Last year, only 28% of healthcare organizations utilized at least one cloud-based human resource process. A year later, that number has almost doubled, reaching 56%. A new Black Book survey asked 3,200 human resource professionals within the healthcare industry questions about how they completed their tasks at work, specifically focusing on how they planned to ensure their employees’ safety once brick-and-mortar offices start reopening for employees.
While doubling cloud-based processes over the course of a single year is already a big jump, Black Book also revealed that 32% of companies who currently do not utilize cloud-based HR services plan on doing so in 2021.
COVID-19 provided the push that many healthcare systems needed to complete the previously slow transition from in-house to cloud-based. Once the pandemic dictated the need for social distancing and forced as many non-front-line employees to stay at home as possible, options for safe and secure remote administrative work increased as well.
Still, adding yet another change to a workforce that has already had to make many adjustments is bound to result in some challenges for both healthcare workers and IT vendors.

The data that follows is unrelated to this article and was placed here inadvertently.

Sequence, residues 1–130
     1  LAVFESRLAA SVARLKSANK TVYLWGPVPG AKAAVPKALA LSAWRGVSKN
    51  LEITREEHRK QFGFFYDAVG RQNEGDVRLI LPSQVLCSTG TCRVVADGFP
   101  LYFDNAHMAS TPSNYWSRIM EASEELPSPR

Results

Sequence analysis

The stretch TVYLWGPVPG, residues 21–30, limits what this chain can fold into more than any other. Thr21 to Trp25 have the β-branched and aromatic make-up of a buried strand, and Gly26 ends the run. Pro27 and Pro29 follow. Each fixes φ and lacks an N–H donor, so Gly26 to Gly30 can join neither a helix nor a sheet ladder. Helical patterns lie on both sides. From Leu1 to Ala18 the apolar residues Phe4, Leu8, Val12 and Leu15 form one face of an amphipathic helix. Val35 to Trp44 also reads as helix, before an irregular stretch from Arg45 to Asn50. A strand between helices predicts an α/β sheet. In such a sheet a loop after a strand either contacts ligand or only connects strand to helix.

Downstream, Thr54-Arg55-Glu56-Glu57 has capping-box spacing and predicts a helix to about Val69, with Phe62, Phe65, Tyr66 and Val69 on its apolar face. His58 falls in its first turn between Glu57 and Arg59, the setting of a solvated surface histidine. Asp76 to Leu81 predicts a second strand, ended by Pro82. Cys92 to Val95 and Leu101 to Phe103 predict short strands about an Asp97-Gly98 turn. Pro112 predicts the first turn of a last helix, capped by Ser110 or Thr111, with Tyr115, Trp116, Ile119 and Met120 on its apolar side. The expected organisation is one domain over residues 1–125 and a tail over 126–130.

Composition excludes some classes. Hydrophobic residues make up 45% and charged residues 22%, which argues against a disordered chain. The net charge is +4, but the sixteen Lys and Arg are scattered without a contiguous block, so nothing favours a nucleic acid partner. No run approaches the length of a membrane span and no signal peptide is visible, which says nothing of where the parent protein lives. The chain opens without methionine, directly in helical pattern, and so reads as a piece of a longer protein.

"Supporting an evolving, complex technology stack along with the needs of human resources leaders, employees and job candidates is not easy for healthcare IT vendors amid the pandemic," said Brian Locastro, Senior Analyst at Black Book. "Yet many healthcare software providers have begun to use AI, machine learning, and even Internet of Things (IoT) technology to enhance HR technology solutions."
In the long run, cloud-based HR services will be cheaper to implement and maintain. Previously, companies and hospital systems have had to invest in expensive hardware and software to develop safe, secure in-house human resources. Employee participation in HR applications, such as time tracking, will also be easier as employees will be able to log into these platforms from their smartphones and other mobile devices. With the new shift to the cloud, these costs will be cut down and security threats will be easier to keep at bay.